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Hallmark has deemed February the month of LOVE, but just what is love? Many scientists attribute the idea of LOVE to a series of chemical reactions happening in the body. Conversely, others feel it’s a spiritual connection between two people. Whatever the answer may be, love is and always will be something feared, wanted and found. So, what can you find that is feared, wanted and found in Jamaica? Ackee fruit!

Origin

It’s feared, due to its lethal levels of raw toxicity; Wanted, for its unique texture; Found all around the island. In 1778, ships from West Africa, imported this food into Jamaica. Since that time, Ackee has been deemed a native food of Jamaica. Ackee or blighia sapida is part of the Sapindaceae (soapberry) family. It’s in close relation to lychee fruit. Ackee is pear-shaped and changes color during its ripening process. Inside are three large black seeds socked in a soft, spongy yellowish-white material or arilli. The arilli is the only non-toxic part of the fruit. After extraction, the arilli need to be immediately washed and boiled for 30 minutes, to rid it of any residual toxins. Most Jamaicans feel confident in their cooking skills to eat this native food daily, mostly at breakfast, because when cooked, it has the consistency of scrambled eggs and is often complimented well with saltfish, dumplings, bananas and breadfruit.

Nutritional Benefits

This section is about ‘Nutritional Benefits’ not toxicity, so we shall only focus on the positive. Ackee is a great source of essential fatty acids, Vitamin A, and zinc. Zinc has vital roles in immunity, growth/development (height, taste, smell), memory, wound healing and digestion.

Immune Function

Low levels of zinc impact the immune system function which in turn affects the digestion system. In 2010, Baum and Associates conducted a randomized double-blind, placebo-controlled clinical trial at the Stempel College of Public Health and Social Work in Miami. They were studying, “the benefits and safety of zinc supplementation in nutritional doses to prevent immunological failure and to decrease morbidity and mortality among HIV-infected adults1.” In other words, they wanted to see how zinc would be able to help the immune system against the HIV virus, ameliorate its symptoms or lower the risk of death. What the researchers found was, “nutritional levels of zinc supplementation given to HIV-infected adults resulted in a 4-fold decrease in the likelihood of immunological failure and [it] also significantly reduced the morbidity associated with HIV-related diarrhea1.”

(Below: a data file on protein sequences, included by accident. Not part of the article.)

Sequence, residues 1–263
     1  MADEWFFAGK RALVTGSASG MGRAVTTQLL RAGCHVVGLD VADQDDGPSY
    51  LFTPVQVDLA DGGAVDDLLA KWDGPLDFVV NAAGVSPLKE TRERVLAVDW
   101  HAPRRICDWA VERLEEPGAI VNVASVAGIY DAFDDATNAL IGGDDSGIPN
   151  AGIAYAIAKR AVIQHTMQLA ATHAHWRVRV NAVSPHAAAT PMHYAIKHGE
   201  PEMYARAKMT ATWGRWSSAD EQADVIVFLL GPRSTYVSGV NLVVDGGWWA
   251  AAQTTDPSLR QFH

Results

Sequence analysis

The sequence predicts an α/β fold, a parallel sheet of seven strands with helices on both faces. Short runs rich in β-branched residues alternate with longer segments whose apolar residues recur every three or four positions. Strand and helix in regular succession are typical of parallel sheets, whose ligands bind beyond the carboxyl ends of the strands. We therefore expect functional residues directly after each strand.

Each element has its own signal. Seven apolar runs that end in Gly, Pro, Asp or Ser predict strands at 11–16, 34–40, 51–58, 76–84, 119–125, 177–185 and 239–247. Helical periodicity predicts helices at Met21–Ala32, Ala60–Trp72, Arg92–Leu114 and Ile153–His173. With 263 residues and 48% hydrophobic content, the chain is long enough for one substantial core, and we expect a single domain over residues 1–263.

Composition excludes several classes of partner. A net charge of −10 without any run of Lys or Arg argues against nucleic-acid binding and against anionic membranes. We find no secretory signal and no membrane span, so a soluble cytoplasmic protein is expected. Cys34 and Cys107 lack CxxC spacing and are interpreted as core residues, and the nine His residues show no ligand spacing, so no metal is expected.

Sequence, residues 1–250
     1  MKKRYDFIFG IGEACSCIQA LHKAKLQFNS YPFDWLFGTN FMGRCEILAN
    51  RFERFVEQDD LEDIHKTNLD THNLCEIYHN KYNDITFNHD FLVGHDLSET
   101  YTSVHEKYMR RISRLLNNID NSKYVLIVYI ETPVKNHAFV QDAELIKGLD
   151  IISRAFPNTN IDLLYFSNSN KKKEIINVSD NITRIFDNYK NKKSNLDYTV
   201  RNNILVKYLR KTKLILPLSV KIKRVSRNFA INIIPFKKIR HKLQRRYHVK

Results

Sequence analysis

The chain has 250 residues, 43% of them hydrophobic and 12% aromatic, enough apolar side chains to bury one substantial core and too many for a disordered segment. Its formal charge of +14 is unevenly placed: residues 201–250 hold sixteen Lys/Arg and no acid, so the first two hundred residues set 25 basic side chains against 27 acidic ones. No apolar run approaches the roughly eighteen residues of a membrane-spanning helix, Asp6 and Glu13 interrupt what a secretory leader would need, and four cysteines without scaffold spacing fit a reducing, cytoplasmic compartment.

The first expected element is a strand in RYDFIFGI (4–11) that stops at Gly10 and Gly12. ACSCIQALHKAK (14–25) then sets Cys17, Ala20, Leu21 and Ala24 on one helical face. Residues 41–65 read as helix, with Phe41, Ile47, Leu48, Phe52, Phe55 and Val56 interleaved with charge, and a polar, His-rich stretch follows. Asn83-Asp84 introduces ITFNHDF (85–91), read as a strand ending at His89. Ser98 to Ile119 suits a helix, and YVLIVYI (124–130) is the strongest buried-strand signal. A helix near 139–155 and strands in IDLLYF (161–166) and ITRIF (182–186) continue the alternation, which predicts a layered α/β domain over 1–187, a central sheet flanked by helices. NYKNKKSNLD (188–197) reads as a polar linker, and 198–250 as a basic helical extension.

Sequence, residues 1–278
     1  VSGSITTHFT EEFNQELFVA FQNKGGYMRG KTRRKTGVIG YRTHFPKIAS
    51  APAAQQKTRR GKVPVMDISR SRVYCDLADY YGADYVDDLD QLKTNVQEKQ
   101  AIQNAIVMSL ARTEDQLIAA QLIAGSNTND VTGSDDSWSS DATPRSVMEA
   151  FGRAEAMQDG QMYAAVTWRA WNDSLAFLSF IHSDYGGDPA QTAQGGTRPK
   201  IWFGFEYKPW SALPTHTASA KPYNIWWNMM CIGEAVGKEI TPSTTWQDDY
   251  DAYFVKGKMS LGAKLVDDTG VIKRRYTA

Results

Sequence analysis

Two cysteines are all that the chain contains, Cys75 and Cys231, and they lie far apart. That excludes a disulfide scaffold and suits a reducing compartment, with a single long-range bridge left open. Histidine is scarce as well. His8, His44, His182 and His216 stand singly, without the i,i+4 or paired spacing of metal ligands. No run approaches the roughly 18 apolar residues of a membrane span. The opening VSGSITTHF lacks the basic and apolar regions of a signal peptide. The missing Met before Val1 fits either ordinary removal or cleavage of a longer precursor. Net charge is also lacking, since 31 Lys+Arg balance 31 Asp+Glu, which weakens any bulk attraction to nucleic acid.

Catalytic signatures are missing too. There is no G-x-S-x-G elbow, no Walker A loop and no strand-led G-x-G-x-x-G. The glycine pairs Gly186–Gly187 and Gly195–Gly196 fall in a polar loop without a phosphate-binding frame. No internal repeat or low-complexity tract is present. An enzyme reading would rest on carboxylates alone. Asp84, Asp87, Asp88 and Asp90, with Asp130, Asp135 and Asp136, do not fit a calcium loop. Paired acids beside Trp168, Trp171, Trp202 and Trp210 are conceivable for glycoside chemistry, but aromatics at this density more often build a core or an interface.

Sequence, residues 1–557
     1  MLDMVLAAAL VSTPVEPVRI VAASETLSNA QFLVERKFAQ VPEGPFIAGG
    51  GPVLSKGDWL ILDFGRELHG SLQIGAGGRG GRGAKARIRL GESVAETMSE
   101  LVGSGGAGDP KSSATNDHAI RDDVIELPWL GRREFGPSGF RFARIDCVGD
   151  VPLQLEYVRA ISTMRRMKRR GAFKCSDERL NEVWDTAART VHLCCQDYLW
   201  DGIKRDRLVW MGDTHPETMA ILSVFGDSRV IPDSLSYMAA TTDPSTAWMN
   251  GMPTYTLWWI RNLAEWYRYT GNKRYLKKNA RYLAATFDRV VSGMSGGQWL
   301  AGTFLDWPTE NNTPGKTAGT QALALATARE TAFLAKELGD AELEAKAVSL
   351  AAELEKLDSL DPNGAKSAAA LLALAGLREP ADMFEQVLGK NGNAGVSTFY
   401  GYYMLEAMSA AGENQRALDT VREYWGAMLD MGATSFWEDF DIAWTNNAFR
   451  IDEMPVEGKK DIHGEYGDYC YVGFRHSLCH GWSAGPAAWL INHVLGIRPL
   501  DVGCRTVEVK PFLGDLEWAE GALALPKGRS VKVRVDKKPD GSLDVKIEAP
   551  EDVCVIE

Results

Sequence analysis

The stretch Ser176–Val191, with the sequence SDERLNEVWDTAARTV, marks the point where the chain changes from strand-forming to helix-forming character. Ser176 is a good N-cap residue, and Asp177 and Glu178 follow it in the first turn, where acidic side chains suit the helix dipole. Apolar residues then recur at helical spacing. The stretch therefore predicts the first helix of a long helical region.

Wound Healing

Our skin is the largest organ of the human body and it accounts for 15% of our body weight. A scientist named Berger along with his colleagues in 2007, wanted to see how the trace elements (copper, selenium and zinc) interacted with tissue penetration compared with a placebo (fake supplement) and if beneficial clinical effects, like improved wound healing or a reduction in specific infectious complications would be present. Using a small sample of patients, with greater than 20% burn damage, they found that, wounds healed without typical severity of complication, had an increased adaptation to skin grafting and stayed a little shorter than most in an ICU with zinc supplementation.

Interesting Facts

  • The dried seeds, fruit bark and leaves of Ackee are used medicinally.
  • The fruit is used to produce soap in some parts of Africa.
  • “In 2005 the Ackee industry was valued at $400 million in the island2.”

Recipe: Ackee and Saltfish1
ackeeplate

Ingredients

1/2 lb Saltfish (dried, salted codfish)

1 (drained) can of Ackee

2 cloves of garlic, chopped

1 medium onion, sliced

3-4 medium sized tomatoes, chopped

4 scallion, chopped

3 tablespoons of butter

Salt and black pepper

Fresh thyme sprigs

1/2 Scotch Bonnet pepper (optional)

Directions:

    1. Start off by placing Saltfish in a pot covered with water overnight.
    1. Empty out the sitting water and wash off Saltfish.
    1. Then add more water to pot re-submerging Saltfish.
    1. Place on medium heat and boil until Saltfish becomes soft (approx. 20 minutes)
    1. Remove the fish from water and cool.
    1. Remove all the bones and skin, flake the fish and put aside.
    1. Gather tomatoes, onions, garlic, scallions, and thyme
    1. Slice yellow onions.
    1. Dice tomatoes.
    1. Chop up garlic and thyme. Make sure to pull the leaves from the thyme stems.
    1. If brave enough add a little heat with scotch bonnet.
    1. In a large frying pan, melt butter on medium heat then dump all chopped ingredients. Stir-fry for 10 minutes.
    1. Add flaked Saltfish.
    1. Add black pepper and salt.
    1. Add vegetable oil to keep Saltfish moist
    1. Add Ackee to pan
  1. Stirring gently to avoid breaking the Ackee.

Finishing Touches: Serve this dish with boiled or fried dumplings, bammy and breadfruit.

References

  1. Yummy. (2010, January 1). Ackee and saltfish recipe. Retrieved from ThatsSoYummy.com
    website: http://www.thatssoyummy.com/recipes/ackee-and-saltfish-recipe/
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